2. Unless activism seeks widespread embrace of the concept that the consumption of meat, dairy and eggs (to which some, like Professor Chiesa, might accept an exception for products that they deem “humane”) constitutes morally culpable animal cruelty, there is not much point in activism. Convincing people that animal cruelty is wrong but failing to inform them that they are paying to support it, or reassuring them that it is ok to support it as long as they give lip service to the concept, would appear to be a colossal waste of time.

    The “reality that most people want meat, poultry and fish and will not or can not avoid mass produced table fare” is the very “reality” that the activist seeks to change since, unless it is changed, cruelty on an unimaginable scale will simply continue. Yes, it’s a daunting, herculean task. Animal activism is not for the easily discouraged. But there is no hope of changing that reality if activists are so afraid of offending that they will not even state that reality out loud. And virtually every activist has the comforting awareness that that change occurred in their own life — usually because someone they know spoke the truth to them — so why should it not occur in others’?

    BTW, I agree that the homosexual analogy does not quite work. A person who decries homosexuality but indulges in it, in my mind, is certainly a hypocrite, but his or her moral wrong lies in his or her hypocritical denouncement of the activity, not the activity itself. A person who eats meat but decries animal cruelty has committed a moral wrong by the act itself.

  3. I agree with Mariann’s response to Prof. Stein’s comment. For the purpose of this particular point, it is okay that most people want their animal dependent dinners. The ignorant consumer, though part of the problem, is not actively responsible for the sources of her food; many areas lack alternatives to industrial food. But we would be poor campaigners for change if we did not seek to educate people about the sources of their food.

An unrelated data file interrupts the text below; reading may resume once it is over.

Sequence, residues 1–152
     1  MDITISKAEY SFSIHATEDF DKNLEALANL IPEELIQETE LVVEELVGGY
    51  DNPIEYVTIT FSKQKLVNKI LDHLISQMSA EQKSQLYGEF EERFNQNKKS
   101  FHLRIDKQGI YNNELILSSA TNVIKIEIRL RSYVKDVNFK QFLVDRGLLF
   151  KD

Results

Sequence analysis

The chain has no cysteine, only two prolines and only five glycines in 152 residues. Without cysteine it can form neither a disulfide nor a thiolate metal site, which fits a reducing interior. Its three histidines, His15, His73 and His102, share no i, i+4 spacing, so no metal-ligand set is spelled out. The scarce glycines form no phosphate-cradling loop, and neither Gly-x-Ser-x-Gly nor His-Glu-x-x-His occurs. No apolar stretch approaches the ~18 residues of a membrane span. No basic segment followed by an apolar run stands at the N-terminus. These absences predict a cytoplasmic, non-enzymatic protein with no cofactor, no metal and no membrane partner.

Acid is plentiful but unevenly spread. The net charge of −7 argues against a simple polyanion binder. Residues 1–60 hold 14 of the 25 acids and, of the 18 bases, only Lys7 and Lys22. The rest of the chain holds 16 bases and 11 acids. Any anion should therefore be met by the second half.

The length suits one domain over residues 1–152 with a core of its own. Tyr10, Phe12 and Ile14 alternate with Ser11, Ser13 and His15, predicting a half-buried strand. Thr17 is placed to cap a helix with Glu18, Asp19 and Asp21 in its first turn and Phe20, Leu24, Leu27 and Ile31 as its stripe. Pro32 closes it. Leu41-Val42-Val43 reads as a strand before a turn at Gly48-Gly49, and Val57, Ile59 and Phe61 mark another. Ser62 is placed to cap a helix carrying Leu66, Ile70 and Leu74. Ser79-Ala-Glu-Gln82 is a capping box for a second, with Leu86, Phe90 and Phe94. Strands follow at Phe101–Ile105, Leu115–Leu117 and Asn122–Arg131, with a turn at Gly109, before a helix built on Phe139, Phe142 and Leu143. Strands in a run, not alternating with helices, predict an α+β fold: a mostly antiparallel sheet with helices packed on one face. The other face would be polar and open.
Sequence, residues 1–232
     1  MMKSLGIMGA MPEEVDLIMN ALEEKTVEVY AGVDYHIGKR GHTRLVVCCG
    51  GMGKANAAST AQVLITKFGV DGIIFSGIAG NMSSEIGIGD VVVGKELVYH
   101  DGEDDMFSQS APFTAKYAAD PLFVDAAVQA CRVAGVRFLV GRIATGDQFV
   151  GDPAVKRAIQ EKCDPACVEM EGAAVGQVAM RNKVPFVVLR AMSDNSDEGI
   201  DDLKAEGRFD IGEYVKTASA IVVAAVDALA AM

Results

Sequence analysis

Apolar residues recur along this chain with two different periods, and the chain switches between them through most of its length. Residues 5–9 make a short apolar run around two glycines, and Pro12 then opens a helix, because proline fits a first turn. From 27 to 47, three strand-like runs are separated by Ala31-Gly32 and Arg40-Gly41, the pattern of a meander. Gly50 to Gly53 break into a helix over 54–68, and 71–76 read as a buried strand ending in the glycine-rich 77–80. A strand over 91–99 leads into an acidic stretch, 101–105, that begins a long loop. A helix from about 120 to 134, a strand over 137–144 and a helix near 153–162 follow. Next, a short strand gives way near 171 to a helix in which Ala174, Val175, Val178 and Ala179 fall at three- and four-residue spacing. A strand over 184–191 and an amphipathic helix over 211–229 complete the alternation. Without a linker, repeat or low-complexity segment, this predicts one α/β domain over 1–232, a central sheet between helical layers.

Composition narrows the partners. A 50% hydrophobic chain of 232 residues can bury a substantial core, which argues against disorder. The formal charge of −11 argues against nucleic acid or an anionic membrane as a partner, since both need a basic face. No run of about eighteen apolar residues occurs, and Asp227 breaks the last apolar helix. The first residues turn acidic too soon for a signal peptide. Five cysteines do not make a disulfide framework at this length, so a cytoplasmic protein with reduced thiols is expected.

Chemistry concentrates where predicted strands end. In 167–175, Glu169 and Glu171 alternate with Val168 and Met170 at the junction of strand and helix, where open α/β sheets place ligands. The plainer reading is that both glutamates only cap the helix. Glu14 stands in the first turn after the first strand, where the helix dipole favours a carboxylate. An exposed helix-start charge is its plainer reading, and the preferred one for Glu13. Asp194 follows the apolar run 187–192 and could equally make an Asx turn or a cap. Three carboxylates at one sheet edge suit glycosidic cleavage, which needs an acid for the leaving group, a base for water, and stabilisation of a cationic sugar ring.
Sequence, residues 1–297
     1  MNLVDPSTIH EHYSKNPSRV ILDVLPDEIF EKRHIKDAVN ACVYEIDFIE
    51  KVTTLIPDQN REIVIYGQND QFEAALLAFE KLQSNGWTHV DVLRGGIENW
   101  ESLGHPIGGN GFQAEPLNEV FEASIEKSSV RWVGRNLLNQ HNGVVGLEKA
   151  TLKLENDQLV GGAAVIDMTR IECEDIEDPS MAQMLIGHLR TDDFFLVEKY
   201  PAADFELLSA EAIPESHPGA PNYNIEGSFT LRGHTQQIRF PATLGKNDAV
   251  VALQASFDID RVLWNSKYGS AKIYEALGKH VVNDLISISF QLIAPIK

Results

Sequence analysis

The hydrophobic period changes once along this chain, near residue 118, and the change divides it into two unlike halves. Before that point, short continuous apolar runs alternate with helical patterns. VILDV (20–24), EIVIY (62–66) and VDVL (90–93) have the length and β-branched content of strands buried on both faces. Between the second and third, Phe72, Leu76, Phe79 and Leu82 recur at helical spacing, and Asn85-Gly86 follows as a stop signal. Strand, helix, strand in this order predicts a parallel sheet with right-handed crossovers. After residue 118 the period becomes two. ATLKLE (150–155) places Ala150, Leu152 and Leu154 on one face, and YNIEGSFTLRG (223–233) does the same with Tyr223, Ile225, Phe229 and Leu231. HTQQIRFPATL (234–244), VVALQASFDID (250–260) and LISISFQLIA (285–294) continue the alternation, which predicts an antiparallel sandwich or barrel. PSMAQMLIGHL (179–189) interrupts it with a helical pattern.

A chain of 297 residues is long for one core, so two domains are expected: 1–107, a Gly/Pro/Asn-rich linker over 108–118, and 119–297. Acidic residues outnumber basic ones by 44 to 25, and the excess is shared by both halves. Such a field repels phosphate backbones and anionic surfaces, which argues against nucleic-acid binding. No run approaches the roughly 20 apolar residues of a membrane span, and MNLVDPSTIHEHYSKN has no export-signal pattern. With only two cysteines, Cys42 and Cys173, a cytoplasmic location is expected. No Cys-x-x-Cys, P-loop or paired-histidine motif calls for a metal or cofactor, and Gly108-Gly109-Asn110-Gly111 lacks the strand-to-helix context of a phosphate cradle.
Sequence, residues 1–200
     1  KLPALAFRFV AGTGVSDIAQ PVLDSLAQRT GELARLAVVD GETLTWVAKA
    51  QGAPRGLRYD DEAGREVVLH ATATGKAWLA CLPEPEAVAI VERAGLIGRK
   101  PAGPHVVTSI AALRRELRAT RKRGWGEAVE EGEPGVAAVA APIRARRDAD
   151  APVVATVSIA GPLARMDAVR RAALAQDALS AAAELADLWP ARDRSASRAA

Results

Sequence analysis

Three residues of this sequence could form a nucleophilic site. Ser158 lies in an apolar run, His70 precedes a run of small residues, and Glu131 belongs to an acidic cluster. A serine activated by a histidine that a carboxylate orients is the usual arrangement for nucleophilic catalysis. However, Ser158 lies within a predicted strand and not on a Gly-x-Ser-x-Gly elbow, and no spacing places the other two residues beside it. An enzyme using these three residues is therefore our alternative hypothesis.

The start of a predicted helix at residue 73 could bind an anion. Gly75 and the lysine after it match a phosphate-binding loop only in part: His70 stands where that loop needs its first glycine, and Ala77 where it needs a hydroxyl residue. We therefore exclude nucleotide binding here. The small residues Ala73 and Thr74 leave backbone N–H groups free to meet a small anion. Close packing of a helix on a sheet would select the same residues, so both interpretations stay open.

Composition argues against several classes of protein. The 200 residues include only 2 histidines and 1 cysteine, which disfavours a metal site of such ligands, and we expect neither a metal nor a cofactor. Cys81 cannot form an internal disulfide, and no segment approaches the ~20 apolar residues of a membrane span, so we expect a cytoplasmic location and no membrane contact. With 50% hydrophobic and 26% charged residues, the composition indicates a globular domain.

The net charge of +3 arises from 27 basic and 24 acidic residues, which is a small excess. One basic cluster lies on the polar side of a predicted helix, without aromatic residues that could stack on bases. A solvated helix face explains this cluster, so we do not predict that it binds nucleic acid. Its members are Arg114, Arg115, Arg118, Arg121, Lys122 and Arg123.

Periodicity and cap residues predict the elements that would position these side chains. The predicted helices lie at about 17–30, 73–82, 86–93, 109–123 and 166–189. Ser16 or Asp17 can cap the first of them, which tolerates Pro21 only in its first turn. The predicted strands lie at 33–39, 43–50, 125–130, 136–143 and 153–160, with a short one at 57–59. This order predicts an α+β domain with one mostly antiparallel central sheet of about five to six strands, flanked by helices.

Once a person acknowledges the problems with industrial agriculture and sees the suffering, and yet still chooses to eat the cheeseburger, then we are dealing with a different kind of person entirely. There is a point at which some people from the “wide cohort” must be excluded, or will exclude themselves, or else your activism isn’t really saying anything. Where that point is, I am not sure, but certainly the best way to reach the producers of a faulty product, in any industry, is to boycott the product.

  4. Boycott a product is a time honored and often effective tactic in bringing about change. For example, the issue of migrant workers and grape production in California led to widespread but hardly universal rejection of CA grapes and movement towards ameliorating the condition of migrant workers.

    I merely suggest that targeting a specific product (or manufacturer or whatever) is very different than seeking to reduce or eliminate animal cruelty by exhorting the great majority of people to significantly change their diets.

    Of course every person has the right to take whatever lawful action his/her conception of a moral issue happens to be. With regard to animal cruelty I question the effectiveness of some approaches, not the sincerity and commitment of those who proffer them.